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Hood Museum of Art
Dartmouth College
Hanover, NH 03755
603.646.2808
hood.museum@dartmouth.edu

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Recent Acquisitions 4

Unknown artist, Mali
Marionette, mid-20th century
Wood, paint, fabric, thread, cord
24 x 14 x 3 1/2 in.
Gift of Gregory Slayton, Class of 1981; 2006.66.1

Unknown artist, Mali
Marionette, mid-20th century
Wood, paint, fabric, thread, cord
24 x 14 x 3 1/2 in.
Gift of Gregory Slayton, Class of 1981; 2006.66.2

Fred Wilson, American, born 1954
1863, 2006
Archival inkjet print with glassine overlay
19 x 27 1/8 in.
Courtesy of Pace Editions, Inc., and the artist; 2006.67

Andre Derain, French, 1880-1954
Still Life, about 1920
Oil on canvas
8 1/8 x 9 1/2 in.
Gift of Nancy Parker; 2006.68

Gwen John, British, 1876-1939
Seated Nun and Standing Woman in Church, about 1924
Graphite and gouache on paper
6 3/8 x 4 13/16 in.
Gift of Hugh J. Freund, Class of 1967; 2006.69.1

Wilson A. Bentley, American, 1865-1931
Snowflake, late 19th-early 20th centuries
Vintage photomicrograph on printing-out paper with gold chloride toning from glass plate negative
2 7/8 x 3 1/2 in.
Gift of Hugh J. Freund, Class of 1967; 2006.69.2

Timothy Greenfield-Sanders, American, born 1952
William Wegman, 1988
Color photograph
31 x 23 in.
Gift of Hugh J. Freund, Class of 1967; 2006.69.3

70


Carlo Lasinio, Italian, 1759-1838
Domenico Bartolini (1813-1887), late 18th century
Etching, roulette, and color mezzotint
15 3/4 x 10 3/4 in.
Gift of Lesley Hill and Alan Stone, in memory of Jeffrey D. L. Wortman, Class of 1967; 2006.70



Unknown artist, possibly Korhogo, Senufo peoples, Ivory Coast
Mud cloth, 1970s
Cotton, mud, dye
54 1/2 x 94 1/4 in.
Gift of Joseph Broude; 2006.71

72.1


Unknown artist, Australia, Mornington Island, Lardil people
Ceremonial headdress, about 1981
Human hair, bark, emu feathers, pigment
Diameter: 19 x 8 in.
Gift of Ann Thomas; 2006.72.1


 

72.2

Unknown artist, Australia, Arnhem Land, Aboriginal people
Mimi spirit figure, about 1981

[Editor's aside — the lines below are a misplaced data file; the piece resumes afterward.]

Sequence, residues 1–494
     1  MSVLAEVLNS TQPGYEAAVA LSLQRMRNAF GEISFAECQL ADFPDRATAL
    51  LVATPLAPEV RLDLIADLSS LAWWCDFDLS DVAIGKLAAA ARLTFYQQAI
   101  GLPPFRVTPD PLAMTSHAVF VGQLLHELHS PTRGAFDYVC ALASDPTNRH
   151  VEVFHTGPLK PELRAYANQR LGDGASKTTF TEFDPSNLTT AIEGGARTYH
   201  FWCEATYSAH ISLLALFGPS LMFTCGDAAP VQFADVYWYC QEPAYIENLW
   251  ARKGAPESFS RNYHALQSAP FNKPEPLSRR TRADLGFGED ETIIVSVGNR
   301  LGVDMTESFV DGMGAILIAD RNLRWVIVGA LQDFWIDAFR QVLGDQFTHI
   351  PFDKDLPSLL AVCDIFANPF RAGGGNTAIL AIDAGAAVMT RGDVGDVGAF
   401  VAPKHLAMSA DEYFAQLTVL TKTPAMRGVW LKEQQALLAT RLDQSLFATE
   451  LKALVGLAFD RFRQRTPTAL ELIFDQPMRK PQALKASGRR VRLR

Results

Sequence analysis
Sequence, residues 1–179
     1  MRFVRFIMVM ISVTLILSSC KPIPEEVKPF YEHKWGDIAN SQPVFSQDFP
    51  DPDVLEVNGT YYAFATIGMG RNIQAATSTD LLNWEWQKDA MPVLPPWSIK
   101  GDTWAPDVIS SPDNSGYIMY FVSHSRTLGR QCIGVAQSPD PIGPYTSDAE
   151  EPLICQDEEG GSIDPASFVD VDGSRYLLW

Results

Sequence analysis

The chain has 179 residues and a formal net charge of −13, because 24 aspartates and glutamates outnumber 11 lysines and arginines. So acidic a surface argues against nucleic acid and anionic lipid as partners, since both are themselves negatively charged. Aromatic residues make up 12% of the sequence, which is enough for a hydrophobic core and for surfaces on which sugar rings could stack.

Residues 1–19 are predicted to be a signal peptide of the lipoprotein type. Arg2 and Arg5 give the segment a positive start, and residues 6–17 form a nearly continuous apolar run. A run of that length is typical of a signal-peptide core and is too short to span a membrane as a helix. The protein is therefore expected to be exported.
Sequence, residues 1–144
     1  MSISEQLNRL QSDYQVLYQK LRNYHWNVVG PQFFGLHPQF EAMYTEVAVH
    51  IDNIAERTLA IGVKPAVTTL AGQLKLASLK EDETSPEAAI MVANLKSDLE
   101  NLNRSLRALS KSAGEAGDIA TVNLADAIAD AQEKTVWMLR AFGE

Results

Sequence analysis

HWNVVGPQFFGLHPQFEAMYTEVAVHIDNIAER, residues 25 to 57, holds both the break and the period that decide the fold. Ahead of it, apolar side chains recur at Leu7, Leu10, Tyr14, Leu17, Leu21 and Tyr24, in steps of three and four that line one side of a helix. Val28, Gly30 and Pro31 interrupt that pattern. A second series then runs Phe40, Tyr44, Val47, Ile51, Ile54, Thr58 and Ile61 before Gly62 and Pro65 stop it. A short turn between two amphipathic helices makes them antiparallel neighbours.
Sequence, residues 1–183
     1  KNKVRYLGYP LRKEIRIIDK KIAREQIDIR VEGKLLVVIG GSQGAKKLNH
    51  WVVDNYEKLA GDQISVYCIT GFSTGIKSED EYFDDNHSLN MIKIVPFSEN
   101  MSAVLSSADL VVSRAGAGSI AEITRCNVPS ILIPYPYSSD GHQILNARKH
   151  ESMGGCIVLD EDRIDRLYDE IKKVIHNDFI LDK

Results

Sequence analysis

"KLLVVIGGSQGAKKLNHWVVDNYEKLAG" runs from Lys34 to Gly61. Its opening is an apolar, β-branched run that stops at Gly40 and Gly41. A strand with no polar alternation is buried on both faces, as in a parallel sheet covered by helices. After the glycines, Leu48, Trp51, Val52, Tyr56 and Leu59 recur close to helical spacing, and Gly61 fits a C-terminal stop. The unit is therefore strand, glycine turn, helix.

Wood and pigment
33 x 2 1/4 x 2 in.
Gift of Ann Thomas; 2006.72.2

 

 

Greece; Thessaly; Trikka
Obol, 480-400 BCE
Silver
Diameter: 7/16 in.
Gift of Virginia Williamson, Class of 1962A; 2006.73.1

Great Britain; Celtic
Coin, 2nd-1st century BCE
Bronze
Diameter: 7/8 x 9/16 in. (irr.)
Gift of Virginia Williamson, Class of 1962A; 2006.73.2

GaminAugusta Savage, American, 1892-1962
Gamin, modeled 1929, plaster by 1940
Painted plaster
9 1/4 x 5 3/4 in.
Purchased through the Florence and Lansing Moore 1937 Fund, the Stephen and Constance Spahn '63 Acquisitions Fund, and the Hood Museum of Art
Acquisitions Fund; 2006.75

Gamin is the best-known work by Augusta Savage, the most admired and influential woman artist associated with the Harlem Renaissance. The life-size bronze version of this work (Schomburg Center, New York Public Library) won Savage the opportunity to study in Paris from 1929 to 1931. Although Gamin has invoked for viewers the ubiquitous street boys of Harlem, Savage actually modeled the sculpture after her nephew and fellow Harlem resident Ellis Ford, who had earned the nickname “gamin” for his spirited, defiant nature. She sensitively modeled her subject in contemporary dress, with a jaunty but somewhat vulnerable expression that lends the work its poignancy. Upon Savage’s return to Harlem, she began her role as an influential teacher and informal salon host by establishing the Savage Studio of Arts and Crafts, which served as an important gathering place for black artists, performers, and intellectuals through the 1930s and early 1940s.

76.1-376.1-376.1-3

 

Lalla Essaydi, Moroccan, born 1965
The Women of Morocco #23 (Femmes du Maroc #23), 2006
C41 print mounted on aluminum
60 x 48 in. each
Purchased through the Robert J. Strasenburgh II 1942 Fund; 2006.76.1-3

 


77Apphia Amanda Young, American, (Canterbury, New Hampshire), 1822-1910
Sampler, 1838
Silk on linen
17 3/8 x 17 3/8 in.
Purchased through the Julia L. Whittier Fund, the Guernsey Center Moore 1904 Memorial Fund, and the Phyllis and Bertram Geller 1937 Memorial Fund; 2006.77

In the eighteenth and nineteenth centuries, the making of samplers gave girls and young women the opportunity to practice a variety of embroidery stitches and to reinforce rudimentary lessons in spelling and penmanship. This colorful, finely worked example by sixteen-year-old Apphia Amanda Young is typical of the samplers made in the vicinity of Canterbury, New Hampshire, from 1786 until at least 1838, the date of this work, which is the latest dated Canterbury example known. It exhibits many of the hallmarks of this regional style, most notably the central urn or basket of flowers in the lower border, flanked by blossom-sprouting hillocks, songbirds, and evergreens at each corner. Remarkably, an 1833 sampler by the same maker has also survived and is a promised gift to the museum from local collector Joanne Foulk. Having the two samplers together will demonstrate how much a young woman’s needlework skills progressed over the course of five years.

George Tooker, American, born 1920
Night (The Dreamer), 1975
Intaglio
Framed: 15 3/4 x 18 1/4 in.
Gift of Berta Walker; 2006.78

Paul Starrett Sample, American, 1896-1974
Untitled (Sketch for Class of 1956 Graduation Book), about 1956
Ink and wash on board
12 11/16 x 10 1/8 in.
Gift of Charles P. Driscoll, Class of 1956; 2006.79

Utagawa Kuniyoshi, Japanese, 1798-1861
Benkei Stealing the Bell of Mii Temple, 1845
Triptych color woodblock print
Right: 14 7/16 x 10 in.; center: 14 7/16 x 9 7/8 in.; left: 14 7/16 x 10 in.
Purchased through gifts by exchange; 2006.81

Last Updated: 11/3/07